Identifying predictors of central nervous system disease in solid organ transplant recipientswith cryptococcosis

Ryosuke Osawa, Barbara D. Alexander, Olivier Lortholary, Françoise Dromer, Graeme N. Forrest, G. Marshall Lyon, Jyoti Somani, Krishan L. Gupta, Ramon Del Busto, Timothy L. Pruett, Costi D. Sifri, Ajit P. Limaye, George T. John, Goran B. Klintmalm, Kenneth Pursell, Valentina Stosor, Michele I. Morris, Lorraine A. Dowdy, Patricia Muñoz, Andre C. KalilJulia Garcia-Diaz, Susan Orloff, Andrew A. House, Sally Houston, Dannah Wray, Shirish Huprikar, Leonard B. Johnson, Atul Humar, Raymund R. Razonable, Robert A. Fisher, Shahid Husain, Marilyn M. Wagener, Nina Singh

Research output: Contribution to journalArticlepeer-review

23 Scopus citations


BACKGROUND: Cerebrospinal fluid (CSF) analysis is often deferred in patients with cryptococcal disease, particularly in the absence of neurologic manifestations. We sought to determine whether a subset of solid organ transplant (SOT) recipients with high likelihood of central nervous system (CNS) disease could be identified in whom CSF analysis must be performed. METHODS: Patients comprised a multicenter cohort of SOT recipients with cryptococcosis. RESULTS: Of 129 (88%) of 146 SOT recipients with cryptococcosis who underwent CSF analysis, 80 (62%) had CNS disease. In the overall study population, abnormal mental status, time to onset of cryptococcosis more than 24 months posttransplantation (late-onset disease), serum cryptococcal antigen titer more than 1:64, and fungemia were independently associated with an increased risk of CNS disease. Of patients with abnormal mental status, 95% had CNS cryptococcosis. When only patients with normal mental status were considered, three predictors (serum antigen titer >1:64, fungemia, and late-onset disease) independently identified patients with CNS cryptococcosis; the risk of CNS disease was 14% if none, 39% if one, and 94% if two of the aforementioned predictors existed (χ for trend P<0.001). CONCLUSIONS: CSF analysis should be strongly considered in SOT recipients with cryptococcosis who have late-onset disease, fungemia, or serum cryptococcal antigen titer more than 1:64 even in the presence of normal mental status. copyright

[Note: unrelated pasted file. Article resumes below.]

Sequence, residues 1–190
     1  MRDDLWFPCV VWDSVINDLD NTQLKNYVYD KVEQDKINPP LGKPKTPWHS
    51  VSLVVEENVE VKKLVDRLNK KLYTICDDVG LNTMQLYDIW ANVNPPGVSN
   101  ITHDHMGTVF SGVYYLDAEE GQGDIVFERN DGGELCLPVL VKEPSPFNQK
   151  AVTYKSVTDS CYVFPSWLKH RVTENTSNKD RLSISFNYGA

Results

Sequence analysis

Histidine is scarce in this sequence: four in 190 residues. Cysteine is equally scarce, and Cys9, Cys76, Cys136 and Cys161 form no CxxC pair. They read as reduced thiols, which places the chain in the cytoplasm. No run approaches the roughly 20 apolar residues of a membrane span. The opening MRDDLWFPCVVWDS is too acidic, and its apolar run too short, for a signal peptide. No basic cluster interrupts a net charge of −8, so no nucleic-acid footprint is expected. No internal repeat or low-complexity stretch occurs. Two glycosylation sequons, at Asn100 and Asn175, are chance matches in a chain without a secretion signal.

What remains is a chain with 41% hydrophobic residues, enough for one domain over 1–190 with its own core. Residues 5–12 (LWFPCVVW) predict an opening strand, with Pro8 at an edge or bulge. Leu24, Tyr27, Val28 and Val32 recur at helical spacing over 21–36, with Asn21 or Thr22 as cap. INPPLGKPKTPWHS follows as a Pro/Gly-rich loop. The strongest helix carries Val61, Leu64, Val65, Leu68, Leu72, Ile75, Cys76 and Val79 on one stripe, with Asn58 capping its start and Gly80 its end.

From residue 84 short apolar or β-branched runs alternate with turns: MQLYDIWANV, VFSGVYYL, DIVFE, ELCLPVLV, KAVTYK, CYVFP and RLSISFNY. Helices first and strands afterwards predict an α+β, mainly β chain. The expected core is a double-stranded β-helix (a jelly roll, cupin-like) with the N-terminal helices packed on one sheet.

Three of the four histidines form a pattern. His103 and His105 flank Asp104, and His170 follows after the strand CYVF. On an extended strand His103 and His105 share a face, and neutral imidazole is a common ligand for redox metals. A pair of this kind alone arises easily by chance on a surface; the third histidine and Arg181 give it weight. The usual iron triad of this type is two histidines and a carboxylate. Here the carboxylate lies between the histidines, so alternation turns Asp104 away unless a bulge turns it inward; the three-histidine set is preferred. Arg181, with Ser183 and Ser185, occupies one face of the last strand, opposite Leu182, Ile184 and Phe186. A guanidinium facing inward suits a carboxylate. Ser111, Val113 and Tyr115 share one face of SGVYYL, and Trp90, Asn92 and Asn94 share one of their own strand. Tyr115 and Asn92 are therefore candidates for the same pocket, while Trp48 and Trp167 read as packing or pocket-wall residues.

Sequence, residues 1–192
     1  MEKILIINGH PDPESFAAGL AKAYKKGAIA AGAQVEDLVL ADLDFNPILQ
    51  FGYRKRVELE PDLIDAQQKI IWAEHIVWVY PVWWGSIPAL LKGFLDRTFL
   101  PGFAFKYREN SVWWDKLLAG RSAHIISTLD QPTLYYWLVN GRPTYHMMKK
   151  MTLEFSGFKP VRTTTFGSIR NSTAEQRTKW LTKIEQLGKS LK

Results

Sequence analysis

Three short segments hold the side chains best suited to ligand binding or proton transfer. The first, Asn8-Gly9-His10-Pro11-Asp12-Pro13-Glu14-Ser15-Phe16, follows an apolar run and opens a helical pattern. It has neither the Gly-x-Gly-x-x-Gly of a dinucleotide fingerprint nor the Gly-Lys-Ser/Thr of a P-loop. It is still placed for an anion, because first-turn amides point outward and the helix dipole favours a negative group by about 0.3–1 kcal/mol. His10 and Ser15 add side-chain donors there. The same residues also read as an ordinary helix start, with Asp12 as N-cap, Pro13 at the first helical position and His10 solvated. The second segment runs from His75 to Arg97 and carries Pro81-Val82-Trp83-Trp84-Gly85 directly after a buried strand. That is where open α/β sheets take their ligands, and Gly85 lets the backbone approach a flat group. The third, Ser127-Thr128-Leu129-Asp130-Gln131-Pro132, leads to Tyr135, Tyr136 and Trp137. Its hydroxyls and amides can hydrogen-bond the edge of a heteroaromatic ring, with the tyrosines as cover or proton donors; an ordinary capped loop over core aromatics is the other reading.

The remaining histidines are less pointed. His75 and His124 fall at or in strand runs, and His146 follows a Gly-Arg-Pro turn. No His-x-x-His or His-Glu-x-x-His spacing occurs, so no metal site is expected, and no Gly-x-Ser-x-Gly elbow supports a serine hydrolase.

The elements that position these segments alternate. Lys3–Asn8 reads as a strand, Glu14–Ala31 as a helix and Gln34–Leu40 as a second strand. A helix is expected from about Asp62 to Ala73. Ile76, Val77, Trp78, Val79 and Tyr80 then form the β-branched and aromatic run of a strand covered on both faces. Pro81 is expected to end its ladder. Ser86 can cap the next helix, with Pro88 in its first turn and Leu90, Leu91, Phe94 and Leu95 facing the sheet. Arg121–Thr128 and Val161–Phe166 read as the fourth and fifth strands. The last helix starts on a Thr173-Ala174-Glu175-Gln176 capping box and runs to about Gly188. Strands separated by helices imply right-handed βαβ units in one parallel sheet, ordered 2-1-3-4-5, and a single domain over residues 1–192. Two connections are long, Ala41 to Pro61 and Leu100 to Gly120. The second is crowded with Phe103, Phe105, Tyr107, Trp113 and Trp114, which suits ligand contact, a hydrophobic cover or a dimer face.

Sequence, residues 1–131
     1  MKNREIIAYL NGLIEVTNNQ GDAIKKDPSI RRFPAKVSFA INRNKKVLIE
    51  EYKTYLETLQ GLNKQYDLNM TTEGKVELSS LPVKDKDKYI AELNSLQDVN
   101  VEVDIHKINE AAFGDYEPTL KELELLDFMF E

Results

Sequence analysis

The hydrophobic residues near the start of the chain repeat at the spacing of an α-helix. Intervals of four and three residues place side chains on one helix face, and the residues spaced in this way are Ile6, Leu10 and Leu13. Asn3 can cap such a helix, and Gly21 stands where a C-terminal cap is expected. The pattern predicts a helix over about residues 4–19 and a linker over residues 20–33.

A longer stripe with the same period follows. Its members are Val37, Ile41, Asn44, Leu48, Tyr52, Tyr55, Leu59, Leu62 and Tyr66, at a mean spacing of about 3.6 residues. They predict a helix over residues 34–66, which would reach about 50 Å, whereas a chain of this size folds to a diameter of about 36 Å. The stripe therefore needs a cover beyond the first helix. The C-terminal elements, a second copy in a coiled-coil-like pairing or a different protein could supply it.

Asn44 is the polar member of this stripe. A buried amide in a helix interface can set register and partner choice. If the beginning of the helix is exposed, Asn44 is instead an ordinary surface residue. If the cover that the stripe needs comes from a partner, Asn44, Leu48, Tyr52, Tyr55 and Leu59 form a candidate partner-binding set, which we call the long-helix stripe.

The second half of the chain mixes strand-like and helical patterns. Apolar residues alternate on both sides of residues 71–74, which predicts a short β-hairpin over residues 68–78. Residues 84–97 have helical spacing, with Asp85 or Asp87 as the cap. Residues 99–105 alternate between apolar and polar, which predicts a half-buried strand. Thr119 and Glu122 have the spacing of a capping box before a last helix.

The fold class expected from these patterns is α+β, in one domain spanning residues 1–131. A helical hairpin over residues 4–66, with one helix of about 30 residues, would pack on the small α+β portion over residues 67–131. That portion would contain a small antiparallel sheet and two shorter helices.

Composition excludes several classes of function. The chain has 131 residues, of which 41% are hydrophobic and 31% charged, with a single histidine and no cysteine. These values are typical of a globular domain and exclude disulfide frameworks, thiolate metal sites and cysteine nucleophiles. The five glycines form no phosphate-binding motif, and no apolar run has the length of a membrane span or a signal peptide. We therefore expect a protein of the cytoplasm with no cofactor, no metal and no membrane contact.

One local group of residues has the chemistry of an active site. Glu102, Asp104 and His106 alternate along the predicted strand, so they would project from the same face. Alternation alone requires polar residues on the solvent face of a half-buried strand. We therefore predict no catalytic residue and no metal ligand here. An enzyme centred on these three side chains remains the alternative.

Original languageEnglish (US)
Pages (from-to)69-74
Number of pages6
Issue number1
StatePublished - Jan 2010
Externally publishedYes


  • Central nervous system disease.
  • Cryptococcosis
  • Solid organ transplant

ASJC Scopus subject areas

  • Transplantation


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